Gout Causes and Treatment

Gout has the very obvious symptoms of a very red, swollen and excruciatingly painful joint. The most common joint to be involved is the ball of the foot, but almost any joint in the body may be involved. In severe attacks, a fever may develop, along with a rapid heart rate, loss of appetite and flaking of skin over the affected joint. Victims describe the exquisite pain of gout as having a joint full of barbed wire, with the wire being constantly twisted and turned so that it stabs repeatedly. The attacks start very suddenly, often at night, and may occur every week or so, or only once in a lifetime. The tendency to develop the disease runs in families, so that if your father had gout, your chances of developing the disease are above average. Nearly all gout victims are men and it usually starts between 30 and 50 years of age.

Gout is caused by excess blood levels of uric acid, which is produced as a normal breakdown product of certain foods. Normally it is removed by the kidneys, but if excess is produced or the kidneys fail to work efficiently, excess levels build up in the body. The excess acid can precipitate as crystals in the cavity of a joint. Under a microscope the crystals look like fine needles, and this is why they cause severe pain in the patient who has millions of these tiny crystals jabbing into the lining of his joint. The acid crystals can also form lumps (called tophi) under the skin around joints and in the ear lobes, but this disfiguring complication is rare with modern treatment. More seriously, the crystals may damage the kidneys and form kidney stones. Patients may have high levels of uric acid (hyperuricaemia) in their bloodstream, which may be causing kidney damage but not painful joints. The only way to detect this situation is with a blood test. Once detected, treatment is just as important as in gouty arthritis in order to stop the formation of kidney stones and to protect the kidneys from irreparable damage.

Gout is traditionally said to be caused by high living and drinking alcohol. This is not strictly true, but a drinking binge or eating a lot of meat can start an attack in someone who is susceptible to the disease. Sufferers should avoid foods that contain high levels of purine, which metabolizes to uric acid. These include prawns, shellfish, liver, sardines, meat concentrates and game birds.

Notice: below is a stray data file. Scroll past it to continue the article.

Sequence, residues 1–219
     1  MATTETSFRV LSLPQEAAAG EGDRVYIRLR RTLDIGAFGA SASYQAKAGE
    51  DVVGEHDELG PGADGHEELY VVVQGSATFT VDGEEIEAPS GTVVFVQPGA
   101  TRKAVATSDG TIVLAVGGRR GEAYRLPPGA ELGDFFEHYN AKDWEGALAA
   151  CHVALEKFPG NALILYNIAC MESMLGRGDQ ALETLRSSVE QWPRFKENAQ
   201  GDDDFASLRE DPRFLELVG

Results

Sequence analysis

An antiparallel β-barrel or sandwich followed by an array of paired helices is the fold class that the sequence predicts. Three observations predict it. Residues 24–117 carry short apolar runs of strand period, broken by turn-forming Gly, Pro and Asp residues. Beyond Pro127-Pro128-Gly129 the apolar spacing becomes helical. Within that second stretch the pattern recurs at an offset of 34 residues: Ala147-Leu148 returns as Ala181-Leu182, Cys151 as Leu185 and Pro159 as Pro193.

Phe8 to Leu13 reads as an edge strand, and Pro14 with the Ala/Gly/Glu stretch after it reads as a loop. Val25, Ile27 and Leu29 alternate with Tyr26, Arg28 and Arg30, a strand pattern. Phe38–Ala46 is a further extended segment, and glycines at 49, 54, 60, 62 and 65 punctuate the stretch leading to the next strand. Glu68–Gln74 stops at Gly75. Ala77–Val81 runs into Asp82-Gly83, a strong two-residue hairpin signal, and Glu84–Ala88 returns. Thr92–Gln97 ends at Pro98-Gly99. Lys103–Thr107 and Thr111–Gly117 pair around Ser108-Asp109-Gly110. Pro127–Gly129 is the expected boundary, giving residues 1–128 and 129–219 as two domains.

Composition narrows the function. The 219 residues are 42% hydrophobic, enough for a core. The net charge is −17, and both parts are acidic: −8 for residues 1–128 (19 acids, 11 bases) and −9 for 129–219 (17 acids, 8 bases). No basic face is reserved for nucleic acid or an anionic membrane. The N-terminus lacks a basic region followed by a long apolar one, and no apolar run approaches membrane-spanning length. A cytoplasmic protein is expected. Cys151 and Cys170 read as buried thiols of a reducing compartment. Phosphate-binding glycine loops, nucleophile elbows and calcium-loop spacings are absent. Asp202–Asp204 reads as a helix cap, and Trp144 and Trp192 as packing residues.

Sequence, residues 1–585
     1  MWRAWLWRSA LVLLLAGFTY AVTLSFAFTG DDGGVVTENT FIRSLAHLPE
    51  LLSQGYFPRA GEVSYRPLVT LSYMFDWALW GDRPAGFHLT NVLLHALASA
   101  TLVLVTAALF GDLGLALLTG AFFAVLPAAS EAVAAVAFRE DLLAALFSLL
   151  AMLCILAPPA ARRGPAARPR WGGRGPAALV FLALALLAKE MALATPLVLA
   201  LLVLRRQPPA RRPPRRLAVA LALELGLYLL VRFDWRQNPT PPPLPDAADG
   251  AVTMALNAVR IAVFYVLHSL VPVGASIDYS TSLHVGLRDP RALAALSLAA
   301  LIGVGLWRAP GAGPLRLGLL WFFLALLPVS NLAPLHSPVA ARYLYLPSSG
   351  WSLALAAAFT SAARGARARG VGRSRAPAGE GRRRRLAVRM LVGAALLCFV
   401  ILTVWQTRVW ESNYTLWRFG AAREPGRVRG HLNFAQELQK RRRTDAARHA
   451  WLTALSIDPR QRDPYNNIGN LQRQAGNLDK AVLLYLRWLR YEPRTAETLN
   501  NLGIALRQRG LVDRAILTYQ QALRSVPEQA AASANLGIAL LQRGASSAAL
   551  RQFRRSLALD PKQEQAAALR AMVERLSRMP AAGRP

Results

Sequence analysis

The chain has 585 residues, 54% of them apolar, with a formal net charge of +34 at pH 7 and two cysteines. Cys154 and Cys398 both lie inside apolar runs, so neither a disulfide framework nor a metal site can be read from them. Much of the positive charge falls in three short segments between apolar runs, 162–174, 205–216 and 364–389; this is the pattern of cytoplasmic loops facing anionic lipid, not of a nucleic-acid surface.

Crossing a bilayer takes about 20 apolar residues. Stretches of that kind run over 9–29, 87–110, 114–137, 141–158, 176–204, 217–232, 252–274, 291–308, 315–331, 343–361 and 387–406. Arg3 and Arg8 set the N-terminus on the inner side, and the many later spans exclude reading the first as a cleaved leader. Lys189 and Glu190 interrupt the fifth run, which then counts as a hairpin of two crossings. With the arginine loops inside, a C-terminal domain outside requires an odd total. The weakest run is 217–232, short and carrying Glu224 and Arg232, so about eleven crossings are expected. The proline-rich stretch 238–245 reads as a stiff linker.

The treatment of gout takes two forms: 1) treatment of the acute attack, and 2) prevention of any further attacks.

Doctors will prescribe a combination of anti-inflammatory drugs and a medication called colchicine that will relieve the acute attack rapidly. Rest of the affected joint to control the pain and prevent further joint damage is also important. After blood tests to confirm the disease and exclude any complications, the patient must start taking one or more tablets a day for the rest of his life to prevent the pain and kidney damage of further attacks.

Patients can help themselves by avoiding the foods listed above, not consuming excess alcohol, keeping their weight under control, drinking plenty of liquids to prevent dehydration, avoiding overexposure to cold, not exercising to extremes and remembering to take the gout- preventing tablets. If the tablets are missed, an attack of gout can follow very quickly.

Gout was dreaded a century ago because of the pain and crippling it caused, but doctors can control and prevent it quite easily these days, provided the patient understands the problem and cooperates with the treatment program.

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Comments 4 comments

Green Things profile image

Green Things 7 years ago from Ontario, Canada

Great Info! My dad used to have terrible flare-ups of gout and we finally narrowed the trigger to venison. Just the smallest amount was enough to do it.


Health-n-Fitness profile image

Health-n-Fitness 7 years ago Author

That wouldn't have been an easy task to narrow it down to something that I assume, he didn't consume a lot of.


Paradise7 profile image

Paradise7 7 years ago from Upstate New York

I had a boyfriend that suffered from gout. The poor guy--he suffered a LOT! But he was quite the drinker, too, and traditionally they blamed gout on the port wine.

Good hub. Thanks.


Health-n-Fitness profile image

Health-n-Fitness 7 years ago Author

As if there wasn't enough enuff bad side effects to having a nice drink or three!

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